If you have any questions about the benefits of HDPE and the sustainability of our school lockers and commercial bathroom stalls, contact us at Scranton Products.

Why You Should Consider Maintenance Costs When Designing a New Building

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It’s easy to overlook maintenance costs when designing a new building, but it could end up hurting you. That’s because administrators, contractors, architects, and other building officials are under constant pressure to keep costs down and stay within budget. However, choosing the cheapest materials or building methods can have expensive maintenance requirements.

In this post, we take a closer look at why it’s important to consider maintenance costs when designing a new building as well as the difference between initial cost and life cycle cost.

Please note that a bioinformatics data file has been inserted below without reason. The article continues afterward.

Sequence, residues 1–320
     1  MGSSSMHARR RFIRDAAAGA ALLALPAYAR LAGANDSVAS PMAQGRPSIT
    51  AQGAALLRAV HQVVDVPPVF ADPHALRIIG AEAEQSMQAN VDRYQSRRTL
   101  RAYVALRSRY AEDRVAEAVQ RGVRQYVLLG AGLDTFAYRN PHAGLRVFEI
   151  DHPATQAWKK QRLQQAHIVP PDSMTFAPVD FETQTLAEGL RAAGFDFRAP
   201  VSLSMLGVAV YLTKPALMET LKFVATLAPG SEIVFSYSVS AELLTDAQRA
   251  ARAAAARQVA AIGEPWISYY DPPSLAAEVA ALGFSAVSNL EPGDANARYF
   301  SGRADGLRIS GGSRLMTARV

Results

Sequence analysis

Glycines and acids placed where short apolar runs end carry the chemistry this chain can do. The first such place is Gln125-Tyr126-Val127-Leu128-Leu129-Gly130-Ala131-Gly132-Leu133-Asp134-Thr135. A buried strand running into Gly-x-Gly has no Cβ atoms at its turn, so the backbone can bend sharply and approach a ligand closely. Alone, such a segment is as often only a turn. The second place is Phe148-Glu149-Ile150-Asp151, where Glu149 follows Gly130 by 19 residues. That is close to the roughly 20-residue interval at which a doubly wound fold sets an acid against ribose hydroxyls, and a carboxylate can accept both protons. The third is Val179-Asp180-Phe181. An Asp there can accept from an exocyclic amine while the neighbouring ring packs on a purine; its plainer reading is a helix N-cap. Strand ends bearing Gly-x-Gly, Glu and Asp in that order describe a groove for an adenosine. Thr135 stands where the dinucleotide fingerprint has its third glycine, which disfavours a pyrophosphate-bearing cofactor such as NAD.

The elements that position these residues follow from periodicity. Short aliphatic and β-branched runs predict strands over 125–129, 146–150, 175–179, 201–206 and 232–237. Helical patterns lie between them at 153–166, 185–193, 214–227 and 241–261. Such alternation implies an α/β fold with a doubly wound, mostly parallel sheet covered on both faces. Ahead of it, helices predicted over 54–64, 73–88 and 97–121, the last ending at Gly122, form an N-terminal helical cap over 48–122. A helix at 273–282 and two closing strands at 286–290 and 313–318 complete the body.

Understanding Initial Cost and Life Cycle Cost

When you create a budget for a new building design, you’re looking at the initial cost. The budget specifies how much of the allocated funds will be used for each component, including supplies and labor. Although it’s true that every project relies on this number for approval, shooting for the lowest initial cost isn’t always the best decision.

For example, when purchasing building materials, the least expensive option might be of the poorest quality. In most circumstances, you pay more for higher quality and longer material life span.

Life cycle cost, on the other hand, is a way of budgeting that considers the entire cost of a material over the course of its life span. This includes any anticipated repairs, replacements, or maintenance. For example, let’s say one lamp cost $100 and another cost $200. The first lamp is cheaper, but the life expectancy of the second lamp is three times as long.